|Ionizing radiation||kBq Co-60 eq||Anthropogenic emissions of radionuclides are generated in the nuclear fuel cycle (mining, processing and waste disposal), as well as during other human activities, such as the burning of coal and the extraction of phosphate rock. Exposure to the ionizing radiation caused by these radionuclides can lead to damaged DNA molecules and thus affect human health.|
|Ozone formation, human health||kg NOx eq||Ozone is not directly emitted into the atmosphere, but it is formed as a result of photochemical reactions of NOx and Non Methane Volatile Organic Compounds (NMVOCs). This formation process is more intense in summer. Ozone is a health hazard to humans because it can inflame airways and damage lungs.|
|Fine particulate matter formation||kg PM2.5 eq||Air pollution that causes primary and secondary aerosols in the atmosphere can have a substantial negative impact on human health, affecting the upper part of the airways and lungs when inhaled.|
|Ozone formation, terrestrial ecosystems||kg NOx eq||Ozone is not directly emitted into the atmosphere, but it is formed as a result of photochemical reactions of NOx and Non Methane Volatile Organic Compounds (NMVOCs). Ozone can have a negative impact on vegetation, including a reduction of growth and seed production, an acceleration of leaf senescence and a reduced ability to withstand stressors.|
|Terrestrial acidification||kg SO2 eq||Atmospheric deposition of inorganic substances, such as sulphates, nitrates and phosphates, cause a change in acidity in the soil. This change in acidity can affect the plant species living in the soil, causing them to disappear|
|Freshwater eutrophication||kg P eq||Freshwater eutrophication occurs due to the discharge of nutrients into soil or into freshwater bodies and the subsequent rise in nutrient levels, i.e. phosphorus and nitrogen. Environmental impacts related to freshwater eutrophication are numerous. They follow a sequence of ecological impacts offset by increasing nutrient emissions into fresh water, thereby increasing nutrient uptake by autotrophic organisms such as cyanobacteria and algae, and heterotrophic species such as fish and invertebrates. This ultimately leads to relative loss of species.|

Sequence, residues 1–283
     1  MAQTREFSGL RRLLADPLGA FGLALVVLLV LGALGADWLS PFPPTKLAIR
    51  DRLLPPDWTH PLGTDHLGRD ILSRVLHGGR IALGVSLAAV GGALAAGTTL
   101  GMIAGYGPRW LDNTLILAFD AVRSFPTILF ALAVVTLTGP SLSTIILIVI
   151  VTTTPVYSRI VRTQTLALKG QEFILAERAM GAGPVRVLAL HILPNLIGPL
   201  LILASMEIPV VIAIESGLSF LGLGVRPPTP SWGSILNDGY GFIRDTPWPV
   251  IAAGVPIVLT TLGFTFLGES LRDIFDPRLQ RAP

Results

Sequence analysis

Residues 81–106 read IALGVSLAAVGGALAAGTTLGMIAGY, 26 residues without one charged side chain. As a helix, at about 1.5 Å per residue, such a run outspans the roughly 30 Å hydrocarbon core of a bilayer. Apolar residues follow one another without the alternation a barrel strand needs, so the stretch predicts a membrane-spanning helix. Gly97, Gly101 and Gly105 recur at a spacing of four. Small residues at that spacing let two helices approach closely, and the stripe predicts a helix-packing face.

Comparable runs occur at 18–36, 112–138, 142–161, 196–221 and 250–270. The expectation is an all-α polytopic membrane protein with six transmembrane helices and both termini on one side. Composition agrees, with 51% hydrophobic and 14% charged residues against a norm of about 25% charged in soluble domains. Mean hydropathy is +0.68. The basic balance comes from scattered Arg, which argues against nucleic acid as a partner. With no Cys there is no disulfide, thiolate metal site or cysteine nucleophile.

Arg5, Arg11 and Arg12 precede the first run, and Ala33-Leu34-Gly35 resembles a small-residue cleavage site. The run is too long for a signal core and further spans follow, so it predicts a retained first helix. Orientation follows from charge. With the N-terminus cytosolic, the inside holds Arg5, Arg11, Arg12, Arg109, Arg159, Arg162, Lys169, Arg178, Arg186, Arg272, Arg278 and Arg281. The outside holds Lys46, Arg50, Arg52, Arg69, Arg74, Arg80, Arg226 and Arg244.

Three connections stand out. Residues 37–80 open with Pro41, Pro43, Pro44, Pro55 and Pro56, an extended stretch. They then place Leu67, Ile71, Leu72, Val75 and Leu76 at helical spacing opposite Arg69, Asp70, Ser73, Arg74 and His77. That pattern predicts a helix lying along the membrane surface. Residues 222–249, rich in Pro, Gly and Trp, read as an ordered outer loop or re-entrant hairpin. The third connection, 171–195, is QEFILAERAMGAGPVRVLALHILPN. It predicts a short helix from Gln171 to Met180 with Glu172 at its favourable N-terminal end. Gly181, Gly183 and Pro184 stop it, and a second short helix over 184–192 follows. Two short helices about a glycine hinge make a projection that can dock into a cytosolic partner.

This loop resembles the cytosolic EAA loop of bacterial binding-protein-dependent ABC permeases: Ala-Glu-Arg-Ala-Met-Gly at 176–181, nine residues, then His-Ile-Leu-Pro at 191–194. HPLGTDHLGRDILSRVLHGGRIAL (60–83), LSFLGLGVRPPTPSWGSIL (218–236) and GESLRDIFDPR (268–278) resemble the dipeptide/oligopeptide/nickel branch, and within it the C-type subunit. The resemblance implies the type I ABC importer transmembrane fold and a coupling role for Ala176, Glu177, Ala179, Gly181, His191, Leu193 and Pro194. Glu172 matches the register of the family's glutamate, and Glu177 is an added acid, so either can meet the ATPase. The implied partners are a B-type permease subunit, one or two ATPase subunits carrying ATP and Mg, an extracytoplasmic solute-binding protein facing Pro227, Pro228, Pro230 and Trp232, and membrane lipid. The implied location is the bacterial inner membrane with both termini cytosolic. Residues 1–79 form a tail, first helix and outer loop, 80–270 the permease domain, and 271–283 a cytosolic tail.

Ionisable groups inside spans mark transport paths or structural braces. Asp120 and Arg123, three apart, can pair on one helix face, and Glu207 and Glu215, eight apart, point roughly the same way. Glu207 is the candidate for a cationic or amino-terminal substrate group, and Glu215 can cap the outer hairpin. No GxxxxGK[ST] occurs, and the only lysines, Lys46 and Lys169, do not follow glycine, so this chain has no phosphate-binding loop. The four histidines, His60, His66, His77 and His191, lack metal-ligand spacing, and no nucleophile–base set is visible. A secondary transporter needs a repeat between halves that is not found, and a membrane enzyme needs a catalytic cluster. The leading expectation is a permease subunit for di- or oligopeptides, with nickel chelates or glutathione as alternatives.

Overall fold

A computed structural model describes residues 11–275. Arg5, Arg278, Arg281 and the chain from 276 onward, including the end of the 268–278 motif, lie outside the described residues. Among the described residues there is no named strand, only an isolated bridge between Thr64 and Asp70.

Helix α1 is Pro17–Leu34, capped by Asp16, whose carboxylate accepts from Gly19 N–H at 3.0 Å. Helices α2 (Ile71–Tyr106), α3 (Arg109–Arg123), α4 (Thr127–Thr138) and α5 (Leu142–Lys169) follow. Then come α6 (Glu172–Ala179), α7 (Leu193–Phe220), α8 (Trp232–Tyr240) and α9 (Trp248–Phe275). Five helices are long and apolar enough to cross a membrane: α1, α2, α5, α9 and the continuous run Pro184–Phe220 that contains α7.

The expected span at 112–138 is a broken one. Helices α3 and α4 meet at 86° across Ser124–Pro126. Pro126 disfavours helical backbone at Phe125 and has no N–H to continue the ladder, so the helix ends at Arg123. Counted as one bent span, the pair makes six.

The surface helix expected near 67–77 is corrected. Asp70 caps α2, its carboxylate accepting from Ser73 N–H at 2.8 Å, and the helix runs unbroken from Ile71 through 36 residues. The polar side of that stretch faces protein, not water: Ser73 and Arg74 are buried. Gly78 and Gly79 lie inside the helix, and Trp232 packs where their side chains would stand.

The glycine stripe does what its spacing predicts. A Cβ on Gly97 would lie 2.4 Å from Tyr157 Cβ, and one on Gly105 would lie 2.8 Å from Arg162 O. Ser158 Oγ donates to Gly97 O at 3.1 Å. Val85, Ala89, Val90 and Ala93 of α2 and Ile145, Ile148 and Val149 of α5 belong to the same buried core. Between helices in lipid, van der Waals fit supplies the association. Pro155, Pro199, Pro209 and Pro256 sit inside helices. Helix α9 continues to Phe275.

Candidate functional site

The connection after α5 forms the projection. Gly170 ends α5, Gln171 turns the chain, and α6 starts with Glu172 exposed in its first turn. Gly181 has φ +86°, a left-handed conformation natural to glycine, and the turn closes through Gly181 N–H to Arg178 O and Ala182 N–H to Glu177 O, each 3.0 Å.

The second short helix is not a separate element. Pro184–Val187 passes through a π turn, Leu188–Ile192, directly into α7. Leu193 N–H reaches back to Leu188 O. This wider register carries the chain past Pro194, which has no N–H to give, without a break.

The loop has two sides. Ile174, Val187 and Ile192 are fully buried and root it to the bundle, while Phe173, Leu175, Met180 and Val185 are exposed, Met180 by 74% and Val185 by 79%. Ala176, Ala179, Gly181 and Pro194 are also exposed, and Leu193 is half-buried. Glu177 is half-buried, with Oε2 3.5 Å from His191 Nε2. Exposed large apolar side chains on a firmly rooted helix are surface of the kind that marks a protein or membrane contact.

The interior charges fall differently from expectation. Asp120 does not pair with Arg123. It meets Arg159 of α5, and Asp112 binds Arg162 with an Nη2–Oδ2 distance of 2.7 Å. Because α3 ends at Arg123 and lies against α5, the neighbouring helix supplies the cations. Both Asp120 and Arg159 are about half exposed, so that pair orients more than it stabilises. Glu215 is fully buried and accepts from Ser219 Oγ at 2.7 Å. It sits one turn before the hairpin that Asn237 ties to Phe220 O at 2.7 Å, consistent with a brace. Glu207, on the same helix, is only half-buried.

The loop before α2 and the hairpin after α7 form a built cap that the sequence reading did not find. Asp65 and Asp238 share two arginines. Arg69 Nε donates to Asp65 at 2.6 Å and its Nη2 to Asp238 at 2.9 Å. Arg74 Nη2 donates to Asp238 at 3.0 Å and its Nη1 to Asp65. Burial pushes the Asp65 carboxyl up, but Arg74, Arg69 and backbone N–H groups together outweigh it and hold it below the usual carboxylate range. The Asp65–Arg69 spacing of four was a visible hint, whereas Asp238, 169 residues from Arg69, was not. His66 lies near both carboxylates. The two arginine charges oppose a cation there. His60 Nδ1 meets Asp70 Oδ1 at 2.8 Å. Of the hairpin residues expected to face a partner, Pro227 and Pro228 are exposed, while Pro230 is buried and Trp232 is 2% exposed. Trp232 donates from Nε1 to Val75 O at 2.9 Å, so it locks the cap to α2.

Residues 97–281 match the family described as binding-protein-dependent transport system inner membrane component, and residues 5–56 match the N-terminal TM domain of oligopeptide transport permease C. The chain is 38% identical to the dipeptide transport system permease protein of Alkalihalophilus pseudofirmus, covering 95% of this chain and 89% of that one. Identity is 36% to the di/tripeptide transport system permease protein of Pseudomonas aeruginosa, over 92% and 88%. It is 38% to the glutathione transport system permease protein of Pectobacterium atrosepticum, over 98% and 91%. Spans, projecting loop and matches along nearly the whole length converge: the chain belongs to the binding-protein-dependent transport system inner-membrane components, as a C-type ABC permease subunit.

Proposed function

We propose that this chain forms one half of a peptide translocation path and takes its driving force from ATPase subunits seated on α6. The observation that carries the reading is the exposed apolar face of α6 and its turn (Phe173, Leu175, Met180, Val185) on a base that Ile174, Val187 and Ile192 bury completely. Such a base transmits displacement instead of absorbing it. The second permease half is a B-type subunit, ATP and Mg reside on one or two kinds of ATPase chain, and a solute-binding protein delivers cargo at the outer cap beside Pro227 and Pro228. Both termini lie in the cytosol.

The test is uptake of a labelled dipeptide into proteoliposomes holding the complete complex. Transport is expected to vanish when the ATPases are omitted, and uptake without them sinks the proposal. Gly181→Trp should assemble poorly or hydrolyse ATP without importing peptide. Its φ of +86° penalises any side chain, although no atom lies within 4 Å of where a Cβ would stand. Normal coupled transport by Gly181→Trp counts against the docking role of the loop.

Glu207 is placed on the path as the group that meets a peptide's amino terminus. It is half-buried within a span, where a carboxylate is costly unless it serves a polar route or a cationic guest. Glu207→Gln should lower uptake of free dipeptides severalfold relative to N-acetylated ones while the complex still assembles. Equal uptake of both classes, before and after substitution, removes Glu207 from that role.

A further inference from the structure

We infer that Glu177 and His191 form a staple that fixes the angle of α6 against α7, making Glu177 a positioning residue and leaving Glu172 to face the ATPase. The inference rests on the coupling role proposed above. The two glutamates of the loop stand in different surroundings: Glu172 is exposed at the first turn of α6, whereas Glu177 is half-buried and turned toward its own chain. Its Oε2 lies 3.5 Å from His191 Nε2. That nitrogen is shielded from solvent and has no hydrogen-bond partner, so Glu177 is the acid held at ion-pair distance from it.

|Terrestrial ecotoxicity||kg 1.4-DBC e||Human toxicity and ecotoxicity accounts for the environmental persistence (fate), accumulation in the human food chain (exposure), and toxicity (effect) of a chemical. This can result in affected species and disease incidences, leading finally to damage to ecosystems and human health.|
|Freshwater ecotoxicity||kg 1.4-DBC e|
|Marine ecotoxicity||kg 1.4-DBC e|
|Human carcinogenic toxicity||kg 1.4-DBC e|
|Human non-carcinogenic toxicity||kg 1.4-DBC e|
|Land use||m2a crop eq||Land use includes the direct, local impact of land use on terrestrial species via change of land cover and the actual use of the new land. Change of land cover directly affects the original habitat and the original species composition accordingly.|
|Mineral resources scarcity||kg Cu eq||Assessment of consumption of natural resources (distinguished in two indicators depending on whether the resources are energy or non-energy) including a weighting of these resources according to their scarcity and the speed of their exploitation. The more the resource is considered as scarce and exploited, the more the value of the indicator increases and the more the product contributes to the depletion of resources.|
|Fossil resource scarcity||kg oil eq|
|Water consumption||m3||Water consumption is the use of water in such a way that the water is evaporated, incorporated into products, transferred to other watersheds or disposed into the sea. Water that has been consumed is thus not available anymore in the watershed of origin for humans nor for ecosystems|